Latonia vs. Chisago County: The Appeals Court Looks for Answers

Minnesota Judicial Center in St. Paul, Minnesota. Photo: PDI Design Group

Earlier this week, The Chronicle of Social Change published a three-part series on Latonia Rolbiecki, an African American grandmother in Minnesota who has pursued custody of her grandson for nearly four years while he lives in Chisago County foster care. A Chisago County judge ruled in favor of an adoption with the child’s white foster parents this summer, a decision that Rolbiecki appealed.

On Wednesday, the Minnesota Court of Appeals heard oral arguments in the case. 

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The Minnesota Court of Appeals expressed concern about Chisago County’s treatment of Latonia Rolbiecki, an African American mother of three seeking to adopt her grandson. But the court also wondered aloud if it had jurisdiction to change the outcome of the case.

In front of a packed courtroom, with more observers watching from an overflow room, the three-judge panel that heard the case yesterday morning pressed Chisago County Attorney Jeanine Putnam for answers on why it took until March of 2019 to conduct an evidentiary hearing on placement of the child. Rolbiecki’s first motion for placement as a foster parent occurred on December of 2017, more than a year-and-a-half earlier.

Still, the comments of justices suggested that even if they agreed that Rolbiecki had been poorly treated by the county, it was not clear if there was an error to correct.

“We as an error-correcting court … are not in the position of second guessing what the district court did,” said Judge Peter Reyes. “The issue is whether or not the district court abused its discretion by either committing an error of law or made a decision not based on the factual record.”

[The reporter was not present for oral arguments – all comments from lawyers and judges during it were obtained from the official recording of the proceedings.]

Rolbiecki’s grandson, who like her is biracial, was born in March of 2016 with drugs in his system. He was placed with white foster parents, John and Avery Bird, who in 2017 announced their interest in adopting the child.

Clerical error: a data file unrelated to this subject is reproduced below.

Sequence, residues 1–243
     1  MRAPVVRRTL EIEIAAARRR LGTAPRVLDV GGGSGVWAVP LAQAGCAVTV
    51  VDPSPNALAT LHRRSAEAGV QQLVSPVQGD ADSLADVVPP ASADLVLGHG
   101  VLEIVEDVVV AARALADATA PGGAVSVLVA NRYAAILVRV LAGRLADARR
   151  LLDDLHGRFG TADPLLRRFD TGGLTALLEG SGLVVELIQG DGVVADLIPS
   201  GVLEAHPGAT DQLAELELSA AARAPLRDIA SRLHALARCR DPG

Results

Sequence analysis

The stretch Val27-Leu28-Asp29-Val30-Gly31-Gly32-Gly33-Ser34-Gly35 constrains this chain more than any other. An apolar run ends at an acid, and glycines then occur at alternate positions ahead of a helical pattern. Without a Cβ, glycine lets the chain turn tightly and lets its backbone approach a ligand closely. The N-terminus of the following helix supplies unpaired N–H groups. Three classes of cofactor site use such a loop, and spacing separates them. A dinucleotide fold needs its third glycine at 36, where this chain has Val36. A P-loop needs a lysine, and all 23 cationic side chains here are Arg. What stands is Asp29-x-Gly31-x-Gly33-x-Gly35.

Rolbiecki stepped forward to help care for the child at birth. In August of 2017, Rolbiecki became a licensed foster parent so that her grandson could live with her. In November, the court terminated the parental rights of the child’s parents, Marquise Rolbiecki and Adalynn Hubbell.

In December of that year, she made a motion for placement with her. Chisago County Judge Robert Rancourt granted her visitation, but decided to put any decision to move the child on hold because both birth parents were appealing the termination of their rights.

In September of 2018, Chisago County Health and Human Services (CCHHS) entered into an adoption agreement with the child’s foster family, who at that point had cared for the child since April of 2016.

When a hearing was finally held in March of 2019, the district court found that Chisago County Health and Human Services had not been unreasonable in failing to place Rolbiecki’s grandson with her. And, Rancourt ruled, adoption by the foster family was in the best interests of the child, due in large part to the fact that he had a strong primary attachment to them.

At the appeals court this week, lawyers for Rolbiecki argued that Minnesota law requires courts and child welfare agencies to make “all progress” toward a permanent option for children in foster care. While adoptions and guardianships cannot be finalized before the rights of parents have been terminated, movement forward on such placements must occur.

The evidentiary hearing is “something that must happen during the pendency of an appeal and it didn’t take place,” said Elizabeth Slama, who argued the case representing Rolbiecki’s team of lawyers from the Mitchell Hamline School of Law. “And because it didn’t take place, the best interest factors and the analysis that took place in this case was tainted and must be redone.”

Slama said the delay of a hearing on Rolbiecki’s motion “was an error, an abuse of discretion, and contrary to the child’s best interest to not place him with grandma,” and that this case came down to “an intransigent county administration undermining legislative policy.”